CHICAGO – A telephone intervention trial was associated with improvement in glaucoma medication adherence in both the treatment group and the control group but, when the two groups were compared, interactive telephone calls and tailored print materials did not significantly improve adherence, according to a report of a randomized controlled clinical trial published Online First by Archives of Ophthalmology, a JAMA Network publication.
Glaucoma affects more than 2 million adults over the age of 40 in the United States. While medication can reduce the visual field loss caused by this progressive disease, nonadherence by patients to their medication regimen is a treatment challenge and regular follow-up medical appointments are crucial, according to the study background.
Karen Glanz, Ph.D., M.P.H., of the University of Pennsylvania, Philadelphia, and colleagues enrolled 312 patients with glaucoma in a randomized controlled trial at two eye clinics at a Veterans Affairs hospital and a large public hospital. The patients (average age nearly 63 years) were considered to be nonadherent because they did not take their medication, refill their medicine and/or keep their medical appointments.
Patients were divided into either the treatment or control group. The treatment group received automated, interactive telephone calls and tailored printed materials, while the control group received usual care, which included the recommendation for medical appointments and medication refills. Researchers measured adherence to medication taking, prescription refills and appointment keeping based on interviews, medical charts and other data.
"A statistically significant increase for all adherence measures was noted in both the treatment group and the control group in the I-SIGHT (Interactive Study to Increase Glaucoma Adherence to Treatment) trial. The treatment group had greater improvements in adherence in 4 of 6 categories, but this did not reach statistical significance," the authors comment.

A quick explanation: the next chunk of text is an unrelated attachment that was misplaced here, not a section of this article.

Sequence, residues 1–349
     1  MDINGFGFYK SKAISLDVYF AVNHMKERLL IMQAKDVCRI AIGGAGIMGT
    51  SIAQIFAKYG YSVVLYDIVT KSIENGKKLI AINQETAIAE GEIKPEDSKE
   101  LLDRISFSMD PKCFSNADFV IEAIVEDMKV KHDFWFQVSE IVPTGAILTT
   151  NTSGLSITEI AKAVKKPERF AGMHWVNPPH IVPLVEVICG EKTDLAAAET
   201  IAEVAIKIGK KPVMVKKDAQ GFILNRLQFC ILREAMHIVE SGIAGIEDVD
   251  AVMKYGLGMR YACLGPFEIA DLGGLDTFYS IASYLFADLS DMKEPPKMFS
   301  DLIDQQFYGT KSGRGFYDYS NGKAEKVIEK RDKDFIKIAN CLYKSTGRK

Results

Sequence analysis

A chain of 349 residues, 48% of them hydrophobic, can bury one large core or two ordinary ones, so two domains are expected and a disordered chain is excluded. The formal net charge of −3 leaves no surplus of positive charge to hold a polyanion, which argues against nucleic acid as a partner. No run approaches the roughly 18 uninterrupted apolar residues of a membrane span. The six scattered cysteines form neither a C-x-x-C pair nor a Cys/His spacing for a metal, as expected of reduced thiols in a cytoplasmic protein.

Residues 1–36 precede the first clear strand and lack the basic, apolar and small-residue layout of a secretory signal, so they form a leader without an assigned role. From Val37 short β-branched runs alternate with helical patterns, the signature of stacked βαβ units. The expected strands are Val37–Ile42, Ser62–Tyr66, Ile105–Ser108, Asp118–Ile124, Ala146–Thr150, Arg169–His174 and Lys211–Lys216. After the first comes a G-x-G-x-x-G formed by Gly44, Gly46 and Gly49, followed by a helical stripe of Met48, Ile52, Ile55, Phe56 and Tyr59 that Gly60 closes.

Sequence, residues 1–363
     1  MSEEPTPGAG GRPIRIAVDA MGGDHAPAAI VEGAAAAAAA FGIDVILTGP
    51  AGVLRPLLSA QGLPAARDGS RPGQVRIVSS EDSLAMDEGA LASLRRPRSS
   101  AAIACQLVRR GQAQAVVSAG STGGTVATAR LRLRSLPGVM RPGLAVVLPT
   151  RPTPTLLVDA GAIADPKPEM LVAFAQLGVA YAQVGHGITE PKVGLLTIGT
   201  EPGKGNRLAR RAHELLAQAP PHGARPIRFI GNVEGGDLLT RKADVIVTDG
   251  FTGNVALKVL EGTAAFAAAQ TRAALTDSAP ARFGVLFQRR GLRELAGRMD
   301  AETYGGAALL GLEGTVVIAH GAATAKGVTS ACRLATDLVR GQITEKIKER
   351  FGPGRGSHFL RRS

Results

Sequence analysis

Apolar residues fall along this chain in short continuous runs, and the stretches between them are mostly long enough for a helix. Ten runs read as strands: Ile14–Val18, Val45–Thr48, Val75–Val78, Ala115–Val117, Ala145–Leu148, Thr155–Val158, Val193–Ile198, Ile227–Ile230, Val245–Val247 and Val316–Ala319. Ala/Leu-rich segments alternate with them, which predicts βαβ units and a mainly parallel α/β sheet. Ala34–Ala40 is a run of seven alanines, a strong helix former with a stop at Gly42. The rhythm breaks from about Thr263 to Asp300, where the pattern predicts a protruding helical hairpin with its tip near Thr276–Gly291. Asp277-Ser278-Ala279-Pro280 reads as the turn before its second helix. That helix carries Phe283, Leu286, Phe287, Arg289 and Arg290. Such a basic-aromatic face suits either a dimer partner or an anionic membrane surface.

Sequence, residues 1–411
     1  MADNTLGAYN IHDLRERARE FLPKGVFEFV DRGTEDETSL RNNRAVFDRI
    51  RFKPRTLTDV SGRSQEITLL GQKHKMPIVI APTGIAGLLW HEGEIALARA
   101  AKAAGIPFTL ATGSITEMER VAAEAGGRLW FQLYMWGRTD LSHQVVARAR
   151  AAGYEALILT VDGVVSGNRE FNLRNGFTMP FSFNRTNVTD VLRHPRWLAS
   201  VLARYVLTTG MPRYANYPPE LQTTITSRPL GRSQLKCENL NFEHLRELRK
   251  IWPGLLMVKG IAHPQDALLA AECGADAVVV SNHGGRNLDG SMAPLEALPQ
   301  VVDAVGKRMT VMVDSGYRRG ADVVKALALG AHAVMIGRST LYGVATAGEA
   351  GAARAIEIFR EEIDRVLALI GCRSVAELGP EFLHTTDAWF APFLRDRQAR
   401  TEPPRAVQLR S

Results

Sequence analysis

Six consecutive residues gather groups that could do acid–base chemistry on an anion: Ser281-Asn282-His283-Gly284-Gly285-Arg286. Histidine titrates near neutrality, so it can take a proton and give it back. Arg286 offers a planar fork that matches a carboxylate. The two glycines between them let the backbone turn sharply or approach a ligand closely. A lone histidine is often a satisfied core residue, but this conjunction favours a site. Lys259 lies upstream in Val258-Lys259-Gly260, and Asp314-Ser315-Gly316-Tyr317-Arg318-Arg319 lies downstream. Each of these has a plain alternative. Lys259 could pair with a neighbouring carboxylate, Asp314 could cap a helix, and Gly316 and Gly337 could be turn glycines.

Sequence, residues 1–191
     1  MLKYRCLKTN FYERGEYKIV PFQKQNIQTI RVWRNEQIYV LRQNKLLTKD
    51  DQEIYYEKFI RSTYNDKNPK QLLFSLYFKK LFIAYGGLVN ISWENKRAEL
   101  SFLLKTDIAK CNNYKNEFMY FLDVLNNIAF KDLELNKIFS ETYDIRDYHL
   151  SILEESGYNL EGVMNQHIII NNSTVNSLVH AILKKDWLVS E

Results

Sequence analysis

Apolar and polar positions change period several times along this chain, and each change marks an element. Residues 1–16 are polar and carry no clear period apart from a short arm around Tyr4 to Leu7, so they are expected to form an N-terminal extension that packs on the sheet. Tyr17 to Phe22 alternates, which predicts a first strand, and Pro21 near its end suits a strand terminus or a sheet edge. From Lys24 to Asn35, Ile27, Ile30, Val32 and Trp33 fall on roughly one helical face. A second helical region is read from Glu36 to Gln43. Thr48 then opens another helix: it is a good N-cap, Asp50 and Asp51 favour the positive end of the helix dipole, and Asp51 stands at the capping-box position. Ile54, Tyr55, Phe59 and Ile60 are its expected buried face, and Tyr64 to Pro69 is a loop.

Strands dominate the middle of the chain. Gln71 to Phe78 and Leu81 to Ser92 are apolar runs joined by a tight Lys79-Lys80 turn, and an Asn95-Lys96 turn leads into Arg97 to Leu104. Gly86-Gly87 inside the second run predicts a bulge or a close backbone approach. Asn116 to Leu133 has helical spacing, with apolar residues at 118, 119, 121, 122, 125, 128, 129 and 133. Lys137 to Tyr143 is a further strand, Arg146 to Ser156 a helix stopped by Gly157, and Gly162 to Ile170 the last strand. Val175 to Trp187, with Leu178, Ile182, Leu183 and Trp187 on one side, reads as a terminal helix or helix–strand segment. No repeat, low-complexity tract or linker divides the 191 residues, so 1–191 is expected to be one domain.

Researchers suggest that "motivated patients" in an ongoing clinical trial might improve their treatment adherence even without tailored messages for encouragement.
"New technologies, such as interactive voice recognition and electronic reminder devices, may play a supportive role in the effort to improve adherence in patients with glaucoma, but further study is warranted," the authors conclude.
(Arch Ophthalmol. Published online June 11, 2012. doi:10.1001/archophthalmol.2012.1607. Available pre-embargo to the media at http://media.jamanetwork.com.)
Editor's Note: This work was supported by a National Institutes of Health grant, a National Eye Institute Core Grant for Vision Research and an unrestricted departmental grant from Research to Prevent Blindness. Please see the article for additional information, including other authors, author contributions and affiliations, financial disclosures, funding and support, etc.
To contact Karen Glanz, Ph.D., M.P.H., call Katie Delach at 215-349-5964 or email Katie.email@example.com.
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